Beyond the campus, Colonial Williamsburg provides almost everything a college student could want—plenty of cafes, delis, and people-watching to go around. And if you have a taste for ginger ale from the bottle or freshly baked gingerbread, let me just say that you’re in luck. The College (and most of Williamsburg) is surrounded by a woodsy area, which conceal its colonial  charms until you step inside.


I swear I’m not shedding a tear over my keyboard right now. I swear. Image from Flickr.

1. The University of Virginia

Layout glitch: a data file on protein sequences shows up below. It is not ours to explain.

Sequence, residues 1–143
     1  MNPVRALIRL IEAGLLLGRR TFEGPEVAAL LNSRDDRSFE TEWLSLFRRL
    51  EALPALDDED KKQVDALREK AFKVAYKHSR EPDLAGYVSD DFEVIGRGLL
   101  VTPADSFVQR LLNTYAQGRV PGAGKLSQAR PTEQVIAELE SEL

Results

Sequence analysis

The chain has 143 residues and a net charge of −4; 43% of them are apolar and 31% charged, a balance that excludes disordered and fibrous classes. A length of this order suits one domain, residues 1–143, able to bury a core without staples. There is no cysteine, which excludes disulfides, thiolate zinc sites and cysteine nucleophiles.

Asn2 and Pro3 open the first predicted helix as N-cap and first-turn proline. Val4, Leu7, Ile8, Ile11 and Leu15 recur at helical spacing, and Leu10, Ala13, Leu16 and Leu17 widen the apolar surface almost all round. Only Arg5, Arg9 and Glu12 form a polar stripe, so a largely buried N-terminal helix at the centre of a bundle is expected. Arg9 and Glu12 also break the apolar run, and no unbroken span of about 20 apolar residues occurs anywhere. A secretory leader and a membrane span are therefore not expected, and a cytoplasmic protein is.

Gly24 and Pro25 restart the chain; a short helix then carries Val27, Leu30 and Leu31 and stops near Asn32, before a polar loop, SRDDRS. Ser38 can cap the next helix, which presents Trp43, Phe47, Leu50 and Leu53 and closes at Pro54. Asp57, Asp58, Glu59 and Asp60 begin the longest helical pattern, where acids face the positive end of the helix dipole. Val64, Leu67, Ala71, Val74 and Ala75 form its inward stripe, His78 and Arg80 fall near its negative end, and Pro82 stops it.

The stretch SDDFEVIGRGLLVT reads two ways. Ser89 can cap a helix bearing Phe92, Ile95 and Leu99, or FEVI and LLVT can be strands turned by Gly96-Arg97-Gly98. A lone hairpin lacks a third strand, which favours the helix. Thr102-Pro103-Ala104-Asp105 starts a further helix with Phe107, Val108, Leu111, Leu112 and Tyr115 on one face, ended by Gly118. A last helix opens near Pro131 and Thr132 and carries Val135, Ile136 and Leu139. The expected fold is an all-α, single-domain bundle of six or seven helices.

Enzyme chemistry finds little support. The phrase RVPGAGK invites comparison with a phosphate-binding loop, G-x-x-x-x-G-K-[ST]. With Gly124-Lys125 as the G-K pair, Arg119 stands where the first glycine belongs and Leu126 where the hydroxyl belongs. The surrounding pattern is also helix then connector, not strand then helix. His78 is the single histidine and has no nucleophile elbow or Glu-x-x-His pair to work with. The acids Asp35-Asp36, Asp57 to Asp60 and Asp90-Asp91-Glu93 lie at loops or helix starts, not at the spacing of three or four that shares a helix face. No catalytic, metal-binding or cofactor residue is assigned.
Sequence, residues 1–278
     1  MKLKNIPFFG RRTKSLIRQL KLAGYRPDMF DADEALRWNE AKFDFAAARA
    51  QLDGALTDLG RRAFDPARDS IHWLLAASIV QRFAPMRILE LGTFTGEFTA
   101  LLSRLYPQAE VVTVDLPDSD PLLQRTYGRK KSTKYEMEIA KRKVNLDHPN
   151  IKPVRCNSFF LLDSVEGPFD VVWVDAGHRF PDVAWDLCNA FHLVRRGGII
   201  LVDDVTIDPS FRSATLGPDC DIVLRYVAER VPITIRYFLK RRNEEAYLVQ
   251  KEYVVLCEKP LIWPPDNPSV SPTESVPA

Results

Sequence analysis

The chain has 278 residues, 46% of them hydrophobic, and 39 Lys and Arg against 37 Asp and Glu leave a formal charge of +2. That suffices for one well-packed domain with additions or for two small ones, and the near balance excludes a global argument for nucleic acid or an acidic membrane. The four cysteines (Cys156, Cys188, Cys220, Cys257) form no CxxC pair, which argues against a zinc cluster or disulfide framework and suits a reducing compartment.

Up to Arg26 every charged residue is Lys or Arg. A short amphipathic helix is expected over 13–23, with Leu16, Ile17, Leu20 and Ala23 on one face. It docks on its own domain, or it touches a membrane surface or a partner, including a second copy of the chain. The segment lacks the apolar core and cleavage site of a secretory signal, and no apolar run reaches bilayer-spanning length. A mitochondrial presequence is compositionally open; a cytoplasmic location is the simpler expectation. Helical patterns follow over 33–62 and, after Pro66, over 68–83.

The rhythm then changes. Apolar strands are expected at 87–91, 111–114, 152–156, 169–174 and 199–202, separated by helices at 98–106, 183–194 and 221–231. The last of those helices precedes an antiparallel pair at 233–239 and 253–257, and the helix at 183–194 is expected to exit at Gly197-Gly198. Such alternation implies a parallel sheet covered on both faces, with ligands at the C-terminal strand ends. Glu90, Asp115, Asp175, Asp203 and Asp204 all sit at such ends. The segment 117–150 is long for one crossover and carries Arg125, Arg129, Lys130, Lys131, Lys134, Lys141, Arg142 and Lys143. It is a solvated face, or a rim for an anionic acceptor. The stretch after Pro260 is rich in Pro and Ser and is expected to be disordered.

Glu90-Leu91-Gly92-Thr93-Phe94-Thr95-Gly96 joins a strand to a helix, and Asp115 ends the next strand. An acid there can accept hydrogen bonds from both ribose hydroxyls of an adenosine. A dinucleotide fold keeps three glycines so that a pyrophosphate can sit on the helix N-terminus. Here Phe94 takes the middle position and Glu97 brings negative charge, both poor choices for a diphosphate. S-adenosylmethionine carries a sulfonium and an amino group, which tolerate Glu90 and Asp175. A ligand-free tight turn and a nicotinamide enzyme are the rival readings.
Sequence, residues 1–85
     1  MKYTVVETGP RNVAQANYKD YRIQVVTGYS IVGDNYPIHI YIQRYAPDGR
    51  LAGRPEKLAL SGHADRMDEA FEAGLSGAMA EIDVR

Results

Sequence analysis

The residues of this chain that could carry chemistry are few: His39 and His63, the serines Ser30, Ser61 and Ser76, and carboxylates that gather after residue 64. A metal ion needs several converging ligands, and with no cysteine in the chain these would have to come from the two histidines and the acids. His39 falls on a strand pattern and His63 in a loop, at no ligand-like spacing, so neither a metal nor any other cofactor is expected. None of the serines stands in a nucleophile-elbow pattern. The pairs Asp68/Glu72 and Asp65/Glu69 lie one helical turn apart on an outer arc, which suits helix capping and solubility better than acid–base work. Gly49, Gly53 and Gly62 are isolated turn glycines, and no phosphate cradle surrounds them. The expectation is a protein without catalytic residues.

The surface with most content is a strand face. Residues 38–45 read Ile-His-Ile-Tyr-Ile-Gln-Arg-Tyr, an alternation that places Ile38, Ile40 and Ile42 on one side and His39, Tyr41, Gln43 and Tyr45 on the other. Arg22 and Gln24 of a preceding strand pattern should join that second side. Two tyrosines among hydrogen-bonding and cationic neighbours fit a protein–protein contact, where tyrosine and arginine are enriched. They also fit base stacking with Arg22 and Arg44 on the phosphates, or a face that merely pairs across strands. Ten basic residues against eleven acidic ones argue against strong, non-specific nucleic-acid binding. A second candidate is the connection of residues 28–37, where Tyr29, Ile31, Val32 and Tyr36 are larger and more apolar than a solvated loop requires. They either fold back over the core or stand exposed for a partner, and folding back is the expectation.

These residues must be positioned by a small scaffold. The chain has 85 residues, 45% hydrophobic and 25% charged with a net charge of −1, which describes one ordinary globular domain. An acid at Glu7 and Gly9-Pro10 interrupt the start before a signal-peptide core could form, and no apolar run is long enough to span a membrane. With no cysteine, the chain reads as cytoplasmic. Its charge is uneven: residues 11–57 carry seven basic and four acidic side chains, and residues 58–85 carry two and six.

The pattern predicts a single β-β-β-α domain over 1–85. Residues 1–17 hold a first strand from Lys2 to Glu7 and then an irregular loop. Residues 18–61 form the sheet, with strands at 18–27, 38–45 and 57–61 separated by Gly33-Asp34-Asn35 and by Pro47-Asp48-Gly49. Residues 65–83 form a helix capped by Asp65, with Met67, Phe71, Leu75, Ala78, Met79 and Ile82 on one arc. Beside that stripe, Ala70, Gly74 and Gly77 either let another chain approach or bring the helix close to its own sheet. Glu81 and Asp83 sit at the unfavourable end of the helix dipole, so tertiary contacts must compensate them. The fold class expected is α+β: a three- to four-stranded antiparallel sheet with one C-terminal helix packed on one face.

Located in charming Charlottesville, Virginia, the University of Virginia is the breathtaking brainchild of Thomas Jefferson. The sprawling campus of UVa is properly called “Grounds” and has been known to cause tears of joy in those who behold it. Its standout feature is the Jeffersonian Academical Village, consisting of the gorgeous green Lawn and, of course, the Rotunda. As you will hear on any tour of UVa, the Rotunda is one of only three man-made structures in the United States protected as a UNESCO World Heritage Site (alongside the Statue of Liberty and Independence Hall). Most of the colleges you know and love have played copycat with the iconic Rotunda, including Duke University, Johns Hopkins, Rice University, and Vanderbilt University.